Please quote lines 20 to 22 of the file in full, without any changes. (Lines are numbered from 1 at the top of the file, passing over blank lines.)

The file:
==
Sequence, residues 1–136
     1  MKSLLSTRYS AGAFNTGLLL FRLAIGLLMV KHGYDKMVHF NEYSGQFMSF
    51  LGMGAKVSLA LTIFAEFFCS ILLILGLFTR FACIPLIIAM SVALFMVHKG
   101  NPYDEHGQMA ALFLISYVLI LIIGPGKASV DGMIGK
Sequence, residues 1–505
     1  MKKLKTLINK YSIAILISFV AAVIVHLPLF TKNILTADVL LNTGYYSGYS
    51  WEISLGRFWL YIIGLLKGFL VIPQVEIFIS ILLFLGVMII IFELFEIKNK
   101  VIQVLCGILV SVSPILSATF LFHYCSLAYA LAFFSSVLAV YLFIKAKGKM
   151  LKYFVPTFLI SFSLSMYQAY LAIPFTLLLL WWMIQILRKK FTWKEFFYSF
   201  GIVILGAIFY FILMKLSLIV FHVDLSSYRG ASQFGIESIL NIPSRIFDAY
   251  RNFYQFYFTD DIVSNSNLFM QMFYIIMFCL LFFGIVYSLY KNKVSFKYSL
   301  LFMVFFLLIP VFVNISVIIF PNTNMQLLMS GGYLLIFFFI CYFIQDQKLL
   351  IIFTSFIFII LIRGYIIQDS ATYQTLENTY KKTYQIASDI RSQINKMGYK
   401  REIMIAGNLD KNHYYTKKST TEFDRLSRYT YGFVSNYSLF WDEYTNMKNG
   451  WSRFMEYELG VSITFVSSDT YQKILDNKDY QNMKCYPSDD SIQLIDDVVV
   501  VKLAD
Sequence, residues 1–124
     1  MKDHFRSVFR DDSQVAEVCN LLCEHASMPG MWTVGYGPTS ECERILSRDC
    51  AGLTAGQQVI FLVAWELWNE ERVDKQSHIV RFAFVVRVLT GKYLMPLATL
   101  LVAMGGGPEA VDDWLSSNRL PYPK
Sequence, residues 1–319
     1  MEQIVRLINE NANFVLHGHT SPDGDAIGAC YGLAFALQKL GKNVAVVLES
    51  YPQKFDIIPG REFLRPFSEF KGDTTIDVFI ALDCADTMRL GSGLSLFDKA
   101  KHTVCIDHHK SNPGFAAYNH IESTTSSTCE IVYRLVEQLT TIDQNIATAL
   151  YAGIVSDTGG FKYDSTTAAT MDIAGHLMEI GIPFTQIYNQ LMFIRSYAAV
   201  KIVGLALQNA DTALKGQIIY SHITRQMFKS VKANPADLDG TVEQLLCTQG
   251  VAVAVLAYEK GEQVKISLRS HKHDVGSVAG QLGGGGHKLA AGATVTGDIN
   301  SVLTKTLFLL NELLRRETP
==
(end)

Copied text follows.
   101  LVAMGGGPEA VDDWLSSNRL PYPK
Sequence, residues 1–319
     1  MEQIVRLINE NANFVLHGHT SPDGDAIGAC YGLAFALQKL GKNVAVVLES